NHL Play-by-Play Data Scraping

I know about Evolving Wild’s scraper- https://github.com/evolvingwild/evolving-hockey/blob/master/EH_scrape_functions.R, but I’m having trouble figuring out how exactly to use it. Do I change something in the code or am I simply adding code? Do I run everything every time?

Also, how do I figure out the number code for any given game?

If anyone’s willing to share an example of the code they used for a specific game (or any thing in general), that would also be incredibly helpful.

Hi and welcome Skrimmage!

Great question. I haven’t used their code yet, so let me tag in @Evolvingwild to get an answer.

Hi! Sorry for the delay in responding.

The easiest way to use the scraper is by creating a new script in R, loading the packages commented out at the top of the script, and sourcing the EH_scape_functions.R script from GitHub. That looks like this:

## Dependencies
library(RCurl); library(xml2); library(rvest); library(jsonlite); library(foreach)
library(lubridate)
library(tidyverse) ## specifically: stringr, readr, tidyr, and dplyr

## Source scraper functions
devtools::source_url("https://raw.githubusercontent.com/evolvingwild/evolving-hockey/master/EH_scrape_functions.R")

Once you have the required packages and scraper functions loaded into your environment, you can use the sc.scape_pbp function to scrape any number of games you want. The NHL’s game IDs are formatted as “2019020001” where “2019” is the first year of the season (so a game in the 2019-2020 season is 2019), “0” is a separator, and “20001” is the game number (20001 would be the first game of the regular season).

Additionally, you can use the sc.scrape_schedule function to find the games from a specific date. So, to put it all together:

## ------------------ ##
##   Example Scrape   ##
## ------------------ ##

## Get schedule for first day of the '19-20 season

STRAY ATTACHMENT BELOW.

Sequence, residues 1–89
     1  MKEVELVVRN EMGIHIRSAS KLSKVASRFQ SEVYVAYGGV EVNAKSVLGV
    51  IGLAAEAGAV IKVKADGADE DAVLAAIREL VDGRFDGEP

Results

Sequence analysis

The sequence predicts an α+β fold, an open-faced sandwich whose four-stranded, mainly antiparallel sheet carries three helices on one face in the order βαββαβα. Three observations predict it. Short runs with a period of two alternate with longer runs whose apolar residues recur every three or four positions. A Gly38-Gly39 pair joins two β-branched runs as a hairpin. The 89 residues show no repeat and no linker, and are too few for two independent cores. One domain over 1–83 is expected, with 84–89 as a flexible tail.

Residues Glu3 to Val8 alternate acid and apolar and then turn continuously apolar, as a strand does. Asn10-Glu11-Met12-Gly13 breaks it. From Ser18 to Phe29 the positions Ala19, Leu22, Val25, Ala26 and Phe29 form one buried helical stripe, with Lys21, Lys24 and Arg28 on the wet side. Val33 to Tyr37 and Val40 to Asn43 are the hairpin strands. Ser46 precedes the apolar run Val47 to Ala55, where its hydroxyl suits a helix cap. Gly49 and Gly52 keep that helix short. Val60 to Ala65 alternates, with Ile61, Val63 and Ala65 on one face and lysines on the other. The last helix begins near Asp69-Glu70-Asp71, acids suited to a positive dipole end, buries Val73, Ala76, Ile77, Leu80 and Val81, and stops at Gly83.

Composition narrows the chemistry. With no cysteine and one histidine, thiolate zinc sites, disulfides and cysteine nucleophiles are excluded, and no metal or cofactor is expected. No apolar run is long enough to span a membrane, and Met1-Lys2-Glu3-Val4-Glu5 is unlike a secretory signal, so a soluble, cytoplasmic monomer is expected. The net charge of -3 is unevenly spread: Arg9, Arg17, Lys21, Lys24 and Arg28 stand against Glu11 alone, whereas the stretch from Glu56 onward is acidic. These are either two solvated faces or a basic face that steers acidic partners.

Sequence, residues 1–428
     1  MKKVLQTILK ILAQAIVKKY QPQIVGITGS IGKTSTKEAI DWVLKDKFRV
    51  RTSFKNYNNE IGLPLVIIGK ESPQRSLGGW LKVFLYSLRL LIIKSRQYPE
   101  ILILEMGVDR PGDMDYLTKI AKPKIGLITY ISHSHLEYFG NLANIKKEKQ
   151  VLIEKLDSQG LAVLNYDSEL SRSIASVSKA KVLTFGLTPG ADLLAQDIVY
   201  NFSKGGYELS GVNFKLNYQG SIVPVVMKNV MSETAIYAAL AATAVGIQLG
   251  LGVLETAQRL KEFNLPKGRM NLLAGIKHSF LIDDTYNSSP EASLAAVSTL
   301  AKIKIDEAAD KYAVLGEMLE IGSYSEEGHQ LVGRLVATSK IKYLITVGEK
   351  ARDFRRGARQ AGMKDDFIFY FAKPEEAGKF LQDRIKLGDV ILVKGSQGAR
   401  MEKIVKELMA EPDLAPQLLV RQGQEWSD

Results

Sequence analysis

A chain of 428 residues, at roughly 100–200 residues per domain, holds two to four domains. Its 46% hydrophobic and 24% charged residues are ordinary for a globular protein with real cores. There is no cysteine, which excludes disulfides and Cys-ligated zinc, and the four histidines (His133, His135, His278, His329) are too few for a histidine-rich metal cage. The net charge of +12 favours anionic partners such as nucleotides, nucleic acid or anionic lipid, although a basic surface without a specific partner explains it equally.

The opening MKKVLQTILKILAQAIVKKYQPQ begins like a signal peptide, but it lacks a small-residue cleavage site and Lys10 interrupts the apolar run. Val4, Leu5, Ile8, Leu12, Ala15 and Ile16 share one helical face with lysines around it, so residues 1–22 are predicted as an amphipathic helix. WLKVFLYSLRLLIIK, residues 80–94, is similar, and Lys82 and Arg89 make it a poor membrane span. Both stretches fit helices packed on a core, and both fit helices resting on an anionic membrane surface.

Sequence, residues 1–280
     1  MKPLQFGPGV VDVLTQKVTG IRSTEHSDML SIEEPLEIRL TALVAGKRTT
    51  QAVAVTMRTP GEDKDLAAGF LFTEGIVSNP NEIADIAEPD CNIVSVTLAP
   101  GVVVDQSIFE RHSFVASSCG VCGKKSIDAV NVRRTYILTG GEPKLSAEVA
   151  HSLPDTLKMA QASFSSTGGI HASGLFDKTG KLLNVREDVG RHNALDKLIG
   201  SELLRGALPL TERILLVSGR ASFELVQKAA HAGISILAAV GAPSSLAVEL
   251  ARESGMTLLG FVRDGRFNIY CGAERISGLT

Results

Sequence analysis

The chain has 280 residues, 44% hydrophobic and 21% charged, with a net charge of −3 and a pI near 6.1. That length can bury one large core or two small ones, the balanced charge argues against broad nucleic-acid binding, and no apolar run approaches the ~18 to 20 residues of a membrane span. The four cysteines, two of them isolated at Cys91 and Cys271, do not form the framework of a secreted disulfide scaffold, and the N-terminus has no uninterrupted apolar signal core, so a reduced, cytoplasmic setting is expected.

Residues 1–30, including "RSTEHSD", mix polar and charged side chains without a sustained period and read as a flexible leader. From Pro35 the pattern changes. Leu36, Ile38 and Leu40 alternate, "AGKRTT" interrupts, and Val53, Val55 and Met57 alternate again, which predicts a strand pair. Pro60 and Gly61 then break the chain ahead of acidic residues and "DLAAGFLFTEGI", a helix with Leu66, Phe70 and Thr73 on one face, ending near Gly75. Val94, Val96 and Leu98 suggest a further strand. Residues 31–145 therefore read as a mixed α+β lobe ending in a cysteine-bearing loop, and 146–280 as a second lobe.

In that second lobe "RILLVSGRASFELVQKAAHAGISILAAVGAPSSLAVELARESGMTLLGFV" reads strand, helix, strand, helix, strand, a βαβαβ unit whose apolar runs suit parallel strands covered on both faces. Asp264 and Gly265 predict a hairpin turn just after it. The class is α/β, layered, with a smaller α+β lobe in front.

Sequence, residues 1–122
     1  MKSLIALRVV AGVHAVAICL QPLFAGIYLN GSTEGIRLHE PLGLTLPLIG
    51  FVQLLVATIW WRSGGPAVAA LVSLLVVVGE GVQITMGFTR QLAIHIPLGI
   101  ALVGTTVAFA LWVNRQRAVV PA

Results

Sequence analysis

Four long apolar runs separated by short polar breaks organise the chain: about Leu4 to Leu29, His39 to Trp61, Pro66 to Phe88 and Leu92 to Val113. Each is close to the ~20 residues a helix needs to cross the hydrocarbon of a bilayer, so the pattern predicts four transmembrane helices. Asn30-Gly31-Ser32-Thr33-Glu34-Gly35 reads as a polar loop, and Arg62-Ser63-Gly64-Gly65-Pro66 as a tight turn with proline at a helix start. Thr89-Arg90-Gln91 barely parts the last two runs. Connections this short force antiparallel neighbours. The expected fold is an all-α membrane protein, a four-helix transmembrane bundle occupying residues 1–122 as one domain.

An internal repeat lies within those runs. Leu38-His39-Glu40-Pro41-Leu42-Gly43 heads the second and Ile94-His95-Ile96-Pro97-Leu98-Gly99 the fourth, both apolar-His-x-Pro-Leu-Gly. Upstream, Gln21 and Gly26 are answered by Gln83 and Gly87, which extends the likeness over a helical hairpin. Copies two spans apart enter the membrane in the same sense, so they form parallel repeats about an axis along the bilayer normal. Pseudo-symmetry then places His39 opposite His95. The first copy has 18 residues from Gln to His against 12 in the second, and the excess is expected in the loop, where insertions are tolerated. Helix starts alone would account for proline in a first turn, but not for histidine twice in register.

schedule_current <- sc.scrape_schedule(start_date = "2019-10-02", end_date = "2019-10-02")

## Identify game IDs
games_vec <- schedule_current$game_id

## Scrape games from 2019-10-03
pbp_scrape <- sc.scrape_pbp(games = games_vec)

## Pull data out of returned list
game_info_df_new <-     pbp_scrape$game_info_df               ## game information data
pbp_base_new <-         pbp_scrape$pbp_base                   ## main play-by-play data
pbp_extras_new <-       pbp_scrape$pbp_extras                 ## extra play-by-play data
player_shifts_new <-    pbp_scrape$player_shifts              ## full player shifts data
player_periods_new <-   pbp_scrape$player_periods             ## player TOI sums per period (from the shifts source)
roster_df_new <-        pbp_scrape$roster_df                  ## roster data
scratches_df_new <-     pbp_scrape$scratches_df               ## scratches data
event_summary_df_new <- pbp_scrape$events_summary_df          ## event summary data (box score stats, etc.)
scrape_report <-        pbp_scrape$report                     ## report showing number of rows and time to scrape game

Hope that helps!

2 Likes

@Evolvingwild Thanks for sharing your code.
In my case i use php to save data from api into a mysql database.
When i want to display players on the ice during a event (for exemple the event is at 4:35 in first period ) sometimes i have players who start the shift at 4:35 and also players who end the shift at 4:35 .
In your opinion, what is the practice ? Show players who start at 4:35 or who finish shift at 4:35 ?

I haven’t delved deeply into that specific problem, but the way I think about it is leaning towards the players are coming off the ice. If a shot happens, I would prefer to give credit to the person that was involved in the lead up. The time where it might be relevant to (also) include the players coming on the ice, would be a Too Many Players penalty. But overall any event is usually in some way due to the player who was around for the play that built up to the event.

Thanks for you reply. It confirms whati I thought. :slight_smile: